Licence increase to 10 refused for 3D Travel

A bid to increase the authorisation on the licence held by Whitehaven-based Peter Kermeen and Elaine Fletcher, trading as 3D Travel, from eight to 10 vehicles has been turned down by Deputy Traffic Commissioner (DTC) Simon Evans.

The DTC also continued a curtailment of the licence to seven vehicles until the end of February.

The partners, of Muncaster Road, Whitehaven, first appeared before the DTC at a Golborne Public Inquiry (PI) in April 2014 when he gave them time to address a series of shortcomings, which might have led to serious disciplinary action against the licence.

When the hearing continued, the DTC was told that in the intervening period 13 MOT tests had been undertaken, with six passes, five failures and two passes with rectification at station (PRS), equating to a failure rate of 54%. The Vehicle Examiner accepted that the failures were clustered around the early period since April 2014, and that the trajectory had become more positive over time.

On a purely mathematical analysis however, there was no improvement during the period in question. There had been five roadside encounters, of which three led to prohibition.

Again, it was his view that it was not possible to suggest there had been the desired improvement. Each of the prohibitions was issued in July 2014.

Peter Kermeen said that
there had been a six-month journey, but the corner had been turned. It was accepted that in terms of numbers of prohibitions and MOT presentations it was difficult to see clear improvement.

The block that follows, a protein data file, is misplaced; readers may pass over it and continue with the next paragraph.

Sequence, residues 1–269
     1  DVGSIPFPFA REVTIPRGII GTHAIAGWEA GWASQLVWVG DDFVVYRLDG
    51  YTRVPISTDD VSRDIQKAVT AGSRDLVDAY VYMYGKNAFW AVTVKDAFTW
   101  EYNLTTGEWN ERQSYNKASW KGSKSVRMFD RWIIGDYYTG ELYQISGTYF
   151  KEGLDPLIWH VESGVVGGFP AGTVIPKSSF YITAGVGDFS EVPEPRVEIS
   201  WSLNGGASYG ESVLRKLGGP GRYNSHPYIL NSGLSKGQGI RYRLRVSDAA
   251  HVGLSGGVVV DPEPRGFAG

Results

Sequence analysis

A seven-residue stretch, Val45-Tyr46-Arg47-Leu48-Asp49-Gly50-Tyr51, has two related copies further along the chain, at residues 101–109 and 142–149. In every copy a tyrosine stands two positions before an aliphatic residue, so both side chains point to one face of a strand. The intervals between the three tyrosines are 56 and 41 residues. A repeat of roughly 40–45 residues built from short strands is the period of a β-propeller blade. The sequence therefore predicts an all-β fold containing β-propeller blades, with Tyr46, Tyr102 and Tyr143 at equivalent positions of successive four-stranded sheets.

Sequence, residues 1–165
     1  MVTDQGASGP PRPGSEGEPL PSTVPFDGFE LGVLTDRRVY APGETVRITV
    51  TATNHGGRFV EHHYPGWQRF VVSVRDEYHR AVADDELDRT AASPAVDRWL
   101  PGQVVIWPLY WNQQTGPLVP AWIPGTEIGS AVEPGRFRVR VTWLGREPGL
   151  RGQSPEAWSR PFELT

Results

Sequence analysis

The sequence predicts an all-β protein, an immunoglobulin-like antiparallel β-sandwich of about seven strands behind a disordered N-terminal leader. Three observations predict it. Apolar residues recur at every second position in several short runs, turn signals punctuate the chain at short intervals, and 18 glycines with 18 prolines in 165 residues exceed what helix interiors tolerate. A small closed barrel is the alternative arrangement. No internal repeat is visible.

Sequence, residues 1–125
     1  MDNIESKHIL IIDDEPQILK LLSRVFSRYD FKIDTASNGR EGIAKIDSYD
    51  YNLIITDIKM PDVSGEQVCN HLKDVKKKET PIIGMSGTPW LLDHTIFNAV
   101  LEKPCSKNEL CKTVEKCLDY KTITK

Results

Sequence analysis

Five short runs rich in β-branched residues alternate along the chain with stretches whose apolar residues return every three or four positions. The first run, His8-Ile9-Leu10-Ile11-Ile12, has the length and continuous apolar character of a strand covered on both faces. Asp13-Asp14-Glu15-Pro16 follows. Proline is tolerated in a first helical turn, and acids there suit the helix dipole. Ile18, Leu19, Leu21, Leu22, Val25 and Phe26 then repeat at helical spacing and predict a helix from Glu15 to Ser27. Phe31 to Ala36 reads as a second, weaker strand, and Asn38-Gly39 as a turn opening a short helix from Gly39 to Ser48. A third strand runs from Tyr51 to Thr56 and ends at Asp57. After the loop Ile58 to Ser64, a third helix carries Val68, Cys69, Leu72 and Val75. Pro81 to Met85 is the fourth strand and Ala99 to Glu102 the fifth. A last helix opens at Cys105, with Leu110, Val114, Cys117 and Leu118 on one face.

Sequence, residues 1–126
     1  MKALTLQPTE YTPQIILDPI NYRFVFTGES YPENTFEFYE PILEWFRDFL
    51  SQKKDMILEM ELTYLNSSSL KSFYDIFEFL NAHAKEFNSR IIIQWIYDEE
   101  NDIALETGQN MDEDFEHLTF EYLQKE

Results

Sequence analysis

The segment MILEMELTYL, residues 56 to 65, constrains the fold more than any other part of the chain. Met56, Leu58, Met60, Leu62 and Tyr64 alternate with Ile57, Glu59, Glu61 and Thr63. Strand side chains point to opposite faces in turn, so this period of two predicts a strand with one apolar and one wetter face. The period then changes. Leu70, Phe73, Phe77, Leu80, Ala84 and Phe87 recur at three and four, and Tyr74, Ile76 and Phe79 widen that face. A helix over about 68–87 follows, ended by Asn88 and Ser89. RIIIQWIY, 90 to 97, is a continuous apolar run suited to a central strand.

The DTC pointed out that there had been unacceptable failures, such as a prohibition for luggage blocking an emergency exit, a tachograph found to be outside its calibration period, and a vehicle presented for prohibition clearance failing on another matter.

Mr Kermeen said that the shortcomings had culminated in his decision to dismiss his fitter in July. The fitter’s replacement and a temporary change to a four-weekly preventative maintenance regime had seen a subsequent improvement in fortunes.

The partnership was maintaining 11 vehicles at present. Seven vehicles were in use to satisfy eight school contracts and private hire work. To allow the increase in fleet size up to 10 vehicles would not in fact increase the overall workload, but allow greater flexibility.

Transport Consultant Chris Howarth said that he had carried out audits of the maintenance and drivers’ hours systems in October. His recommendations had led to a greater frequency of maintenance checks, the continued updating of the fleet, and a commitment to improving the competence of the maintenance staff.

The audit of drivers’ hours had produced satisfactory findings across the board. He had been in weekly until September, and monthly since. He accepted that Mr Kermeen had probably not acted to replace the former fitter with sufficient speed, but said that the change in the last three months was positive.

In his decision, the DTC said that there had been a period of unsatisfactory operation from the middle of 2013. It was clear that the evidence of sustainable improvement that he had expected to find had not entirely been achieved.

However there was now, somewhat belatedly because the partners had not acted decisively on advice, some clear evidence of progress. He was prepared to accept that the arrangements in place with continuing support from the consultant could support compliant operation.

However, there was not yet sufficient evidence to support the increase to 10 vehicles.

Recording a formal warning against the partnership and Mr Kermeen as Transport Manager, the DTC said that his patience was wearing thin.

The partners had continued to risk the very existence of the business, in a manner that would place the licence in considerable jeopardy if it was again called to PI.